And so going through the, the mental exercise of what would I throw, 

[00:08:21] Caitlin Lindahl: what would I, they even talked through the level of like, um, You know, uh, grabbing the, the gun as it entered in, but being aware of the fact that like, that gun is going to be so hot, but that is still like, they can't shoot you if you have a hold of like, things along those lines.

Uh, like I just, there's so many, I know that there's so many options out there these days to get educated on that, that I just think it, it's unfortunate we live in this day and age, but it's, it is where we are at. I know that even when I go to like. Places now, like big malls, I pay a lot more attention to [00:09:00] where are my exits, even within the substores.

Like, you know, cuz every place has an exit inside of a store. Almost always. Like, it sucks, but that's where we're at. 

[00:09:12] Billie Tarascio: And if you have, if your, if your relationship has been violent, you are at most risk when you leave. You just are so considerate. An order of protection. I know people say they don't work, but I can tell you based on my 20 years in Family Law and experience with Order of Protections, they actually do make a huge difference to the people who I know who have gotten them.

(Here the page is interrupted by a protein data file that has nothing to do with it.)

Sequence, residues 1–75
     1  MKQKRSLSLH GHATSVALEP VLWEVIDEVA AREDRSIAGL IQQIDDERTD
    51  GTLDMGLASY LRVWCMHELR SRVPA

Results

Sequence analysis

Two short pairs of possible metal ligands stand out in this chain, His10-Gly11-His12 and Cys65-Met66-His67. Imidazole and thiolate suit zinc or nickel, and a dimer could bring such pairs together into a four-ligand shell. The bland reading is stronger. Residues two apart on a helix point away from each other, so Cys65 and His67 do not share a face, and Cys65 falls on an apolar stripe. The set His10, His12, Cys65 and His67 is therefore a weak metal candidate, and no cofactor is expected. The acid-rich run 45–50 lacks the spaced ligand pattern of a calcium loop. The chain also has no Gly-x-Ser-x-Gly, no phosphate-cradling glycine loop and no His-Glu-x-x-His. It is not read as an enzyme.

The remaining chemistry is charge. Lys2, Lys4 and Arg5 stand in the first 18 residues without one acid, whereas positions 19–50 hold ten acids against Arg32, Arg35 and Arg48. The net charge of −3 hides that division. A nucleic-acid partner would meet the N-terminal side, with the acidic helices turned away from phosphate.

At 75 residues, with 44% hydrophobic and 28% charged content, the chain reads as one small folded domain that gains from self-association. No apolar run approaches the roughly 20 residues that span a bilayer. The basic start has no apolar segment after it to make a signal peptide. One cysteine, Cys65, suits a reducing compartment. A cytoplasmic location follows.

I personally am happy to report, I don't know, I haven't had any clients who have been, um, hurt or offended or, um, Shot or anything after an order of protection was in place, usually violations. Once you set those boundaries, if you start holding the boundary, you know, if you call in the [00:10:00] call, that is an order that is a violation.

If you set really firm boundaries, it does seem to make a difference in the vast majority of cases. Certainly not all of them, but it's something to consider and I do think that they work and they have a fairly. They have a, a real impact on the dynamic because if nothing else, what you're doing is stopping the communication and that communication can spiral into violence quickly.

So you really wanna cut off the communication or figure out a way to have boundaries around communication that make the communication, um, as limited as possible. The other thing is if I know many, many women who have filed for Divorce and been so nervous, I'm not sure if he will be violent. He hasn't been violent in the past, but I'm not sure what he will do.

And I, I, I just think that that is incredibly normal. I can't tell you how many women I've talked to who have felt that way. Um, but also in my experience, the vast majority of time, if there hasn't been violence in your relationship, [00:11:00] there, there, there won't be. I don't know if that's, that's good news.